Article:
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« Reply #22 on: July 01, 2007, 05:38:12 PM »

Well don't I feel stupid.  I have been doing it that way for years.  Just the way I learned it.  I keep them in the incubator at 99-100 degrees, until the last 3 days and then move to the hatcher.  Drop the temp down 1 degree and up the humidity. 

But hey, I never knew exactly why, thought it had something to do with the body temp also.  I think I will try sitting the hatcher at the same temp as the incubator on my next hatch and see how I do.  It sure would be easier, so I could hatch on the bottom of the incubator if needed, at all the same temp.
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Teresa
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WHITNEYPLU
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« Reply #23 on: July 01, 2007, 05:52:11 PM »

Well don't I feel stupid.  I have been doing it that way for years.  Just the way I learned it.  I keep them in the incubator at 99-100 degrees, until the last 3 days and then move to the hatcher.  Drop the temp down 1 degree and up the humidity. 

But hey, I never knew exactly why, thought it had something to do with the body temp also.  I think I will try sitting the hatcher at the same temp as the incubator on my next hatch and see how I do.  It sure would be easier, so I could hatch on the bottom of the incubator if needed, at all the same temp.
[/quote




you using a sportsmans system too huh? they have worked great for me, what about u?
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Pheasant Hollow Farm
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« Reply #24 on: July 01, 2007, 07:23:28 PM »

I have two sportsmans for incubation and an old cedar Humidaire I use for the hatching.

Steve
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« Reply #25 on: July 01, 2007, 09:15:20 PM »

I have two sportsmans.  I use one as a hatcher, unless I have a large amount of eggs.  I love them.  Just keep the bucket on top filled.  Check the temp one in awhile and forget it.  Turns them on it's own.  Don't even have to open the door till the three days before to move into the hatching position.   We may get another one next year.  Depends on how much money I actually make this year.  With the cost of feed the way it is.  I don't even know if we will break even.  Just the Pheasant alone, not counting all the other birds, are eating 50 lbs a day alone.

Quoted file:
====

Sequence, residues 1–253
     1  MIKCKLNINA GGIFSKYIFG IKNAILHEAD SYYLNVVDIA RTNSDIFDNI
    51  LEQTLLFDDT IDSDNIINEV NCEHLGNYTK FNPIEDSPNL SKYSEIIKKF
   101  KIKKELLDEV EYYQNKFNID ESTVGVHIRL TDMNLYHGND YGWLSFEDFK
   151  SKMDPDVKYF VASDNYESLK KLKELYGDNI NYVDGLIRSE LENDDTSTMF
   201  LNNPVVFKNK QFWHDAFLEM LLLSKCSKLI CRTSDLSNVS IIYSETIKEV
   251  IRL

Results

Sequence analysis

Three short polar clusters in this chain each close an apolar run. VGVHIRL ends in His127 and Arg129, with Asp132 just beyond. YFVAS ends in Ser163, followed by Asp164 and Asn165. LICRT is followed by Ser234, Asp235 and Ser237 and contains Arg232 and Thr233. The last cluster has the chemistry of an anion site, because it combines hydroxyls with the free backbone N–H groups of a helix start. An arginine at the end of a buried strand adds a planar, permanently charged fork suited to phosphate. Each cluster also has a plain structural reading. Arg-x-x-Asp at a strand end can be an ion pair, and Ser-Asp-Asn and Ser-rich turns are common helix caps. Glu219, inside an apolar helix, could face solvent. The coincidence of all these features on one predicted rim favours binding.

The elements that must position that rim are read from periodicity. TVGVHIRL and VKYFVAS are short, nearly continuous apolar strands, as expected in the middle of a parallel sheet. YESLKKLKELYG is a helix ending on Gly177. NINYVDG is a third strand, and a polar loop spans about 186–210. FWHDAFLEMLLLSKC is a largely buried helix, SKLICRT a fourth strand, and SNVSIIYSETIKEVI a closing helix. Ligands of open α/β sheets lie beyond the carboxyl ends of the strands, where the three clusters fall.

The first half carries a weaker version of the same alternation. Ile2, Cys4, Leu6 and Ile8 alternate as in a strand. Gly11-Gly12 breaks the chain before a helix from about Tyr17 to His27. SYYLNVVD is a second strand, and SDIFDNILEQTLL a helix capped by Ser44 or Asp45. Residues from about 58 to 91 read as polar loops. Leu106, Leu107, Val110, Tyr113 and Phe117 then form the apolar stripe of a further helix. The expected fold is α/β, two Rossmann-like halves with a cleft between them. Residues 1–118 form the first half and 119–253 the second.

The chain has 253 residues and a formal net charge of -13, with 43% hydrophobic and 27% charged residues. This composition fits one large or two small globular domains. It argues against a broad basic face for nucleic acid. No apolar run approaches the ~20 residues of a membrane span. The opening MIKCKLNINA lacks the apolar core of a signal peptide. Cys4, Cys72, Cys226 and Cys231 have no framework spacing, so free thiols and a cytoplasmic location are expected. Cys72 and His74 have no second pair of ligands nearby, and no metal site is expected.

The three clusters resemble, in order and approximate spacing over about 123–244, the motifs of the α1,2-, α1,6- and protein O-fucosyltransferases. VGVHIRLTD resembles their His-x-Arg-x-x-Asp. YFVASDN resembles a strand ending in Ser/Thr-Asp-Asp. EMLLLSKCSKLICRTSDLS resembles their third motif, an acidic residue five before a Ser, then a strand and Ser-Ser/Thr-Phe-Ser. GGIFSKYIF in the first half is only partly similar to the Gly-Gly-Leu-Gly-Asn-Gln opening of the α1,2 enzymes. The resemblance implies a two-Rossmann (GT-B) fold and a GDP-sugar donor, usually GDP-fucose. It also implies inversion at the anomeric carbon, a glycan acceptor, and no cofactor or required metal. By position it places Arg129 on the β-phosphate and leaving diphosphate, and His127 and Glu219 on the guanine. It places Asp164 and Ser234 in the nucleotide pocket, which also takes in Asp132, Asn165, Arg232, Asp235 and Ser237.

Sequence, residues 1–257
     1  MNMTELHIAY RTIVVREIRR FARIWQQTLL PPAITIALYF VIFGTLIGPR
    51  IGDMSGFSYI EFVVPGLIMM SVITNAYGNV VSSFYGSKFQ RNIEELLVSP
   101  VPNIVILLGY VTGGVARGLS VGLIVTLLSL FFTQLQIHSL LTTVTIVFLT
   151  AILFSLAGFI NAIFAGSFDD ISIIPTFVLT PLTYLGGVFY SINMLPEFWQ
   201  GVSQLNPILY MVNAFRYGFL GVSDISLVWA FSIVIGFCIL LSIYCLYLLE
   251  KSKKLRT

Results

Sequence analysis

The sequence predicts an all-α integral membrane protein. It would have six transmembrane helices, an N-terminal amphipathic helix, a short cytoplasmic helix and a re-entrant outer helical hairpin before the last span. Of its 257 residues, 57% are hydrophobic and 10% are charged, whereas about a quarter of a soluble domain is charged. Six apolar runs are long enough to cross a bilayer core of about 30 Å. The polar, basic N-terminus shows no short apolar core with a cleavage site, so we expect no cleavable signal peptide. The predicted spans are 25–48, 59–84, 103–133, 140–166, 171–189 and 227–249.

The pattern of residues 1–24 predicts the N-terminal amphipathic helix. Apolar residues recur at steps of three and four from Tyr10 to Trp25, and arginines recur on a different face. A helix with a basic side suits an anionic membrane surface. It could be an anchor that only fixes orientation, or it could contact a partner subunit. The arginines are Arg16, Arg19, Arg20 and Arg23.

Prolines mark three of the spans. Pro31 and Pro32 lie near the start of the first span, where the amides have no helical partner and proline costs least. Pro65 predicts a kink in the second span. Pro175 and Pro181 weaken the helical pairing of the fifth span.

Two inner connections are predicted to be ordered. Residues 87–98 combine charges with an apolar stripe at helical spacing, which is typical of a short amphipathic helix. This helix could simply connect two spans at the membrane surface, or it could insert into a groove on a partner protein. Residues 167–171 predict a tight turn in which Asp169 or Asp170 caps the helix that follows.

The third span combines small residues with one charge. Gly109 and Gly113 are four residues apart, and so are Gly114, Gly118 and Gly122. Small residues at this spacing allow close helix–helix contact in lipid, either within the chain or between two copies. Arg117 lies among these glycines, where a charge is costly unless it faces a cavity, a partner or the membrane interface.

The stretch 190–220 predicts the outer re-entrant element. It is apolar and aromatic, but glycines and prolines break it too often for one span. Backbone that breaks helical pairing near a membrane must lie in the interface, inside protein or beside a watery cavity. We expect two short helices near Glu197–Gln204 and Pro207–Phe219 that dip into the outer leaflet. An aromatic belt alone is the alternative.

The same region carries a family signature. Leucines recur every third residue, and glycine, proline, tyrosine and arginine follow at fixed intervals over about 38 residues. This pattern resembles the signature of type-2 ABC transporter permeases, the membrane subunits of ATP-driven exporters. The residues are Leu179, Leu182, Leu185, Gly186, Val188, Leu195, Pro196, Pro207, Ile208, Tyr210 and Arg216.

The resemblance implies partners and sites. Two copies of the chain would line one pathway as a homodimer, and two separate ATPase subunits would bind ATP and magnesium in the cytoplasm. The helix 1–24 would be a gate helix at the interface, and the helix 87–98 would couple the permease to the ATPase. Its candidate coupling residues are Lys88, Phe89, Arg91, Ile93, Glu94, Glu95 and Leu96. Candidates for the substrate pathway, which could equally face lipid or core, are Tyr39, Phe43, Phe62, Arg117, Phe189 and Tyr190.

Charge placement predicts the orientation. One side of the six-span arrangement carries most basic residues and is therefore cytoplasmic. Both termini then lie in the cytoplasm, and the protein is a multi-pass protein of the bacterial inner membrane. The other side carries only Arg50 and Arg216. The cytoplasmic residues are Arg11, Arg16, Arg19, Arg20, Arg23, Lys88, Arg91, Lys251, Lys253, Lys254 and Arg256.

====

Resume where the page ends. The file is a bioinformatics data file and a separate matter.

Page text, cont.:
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Teresa
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WHITNEYPLU
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« Reply #26 on: July 01, 2007, 09:39:47 PM »

I have 2 1202 rattie gqf and a hatcher that I bought at a yard sale for 50 bucks and a new Sportsman that I bought at QC Supply this year. I bought extra trays for the 1202's and they work great on quail thru geese eggs. I am going to upgrade them this year to electronic tempostats. I had other kinds of incubators and they seem to work out better for me. Same yard sale had a 20,000 Quail egg capacity incubator that they sold for 75 bucks before I got there.  All our chickens 10 hole nest boxes we got that way for less than 20.00 a piece. Just dont buy feeders and waterers used. We then take them to the car wash before we bring them home and wash them really good with bleach (stop by the Dollar store and grab a gallon on the way to the carwash.)
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wildergamebirds
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« Reply #27 on: July 01, 2007, 11:09:24 PM »

Well look at this!

   http://pubs.caes.uga.edu/caespubs/pubcd/B1215.htm

  You may recognize this as the website whitneyplu posted on another subject today.  If you scroll down to Table 2, you will see a recommended temperature of 99.75  and a recommended temperature for the last 3 days of 99.

  I've not tried this, although opening additional vents, upping the humidity, and maintaining temperature was pretty tough, this winter.  New facilities, and I discovered there was no insulation in the ceiling, and 4" of insulation in the 6" walls= drafts a plenty.

  Dropping the temperature a degree, or so, would make it a little easier to raise the humidity.  My incubators have a cooling compressor to offset heat from chicks, but I have never hatched that many chicks, at once.

  Still no clear answer to "why"
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Reeves
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« Reply #28 on: July 02, 2007, 07:14:44 AM »

I keep forgetting about this topic.....I'll make a (written) note to look for the data !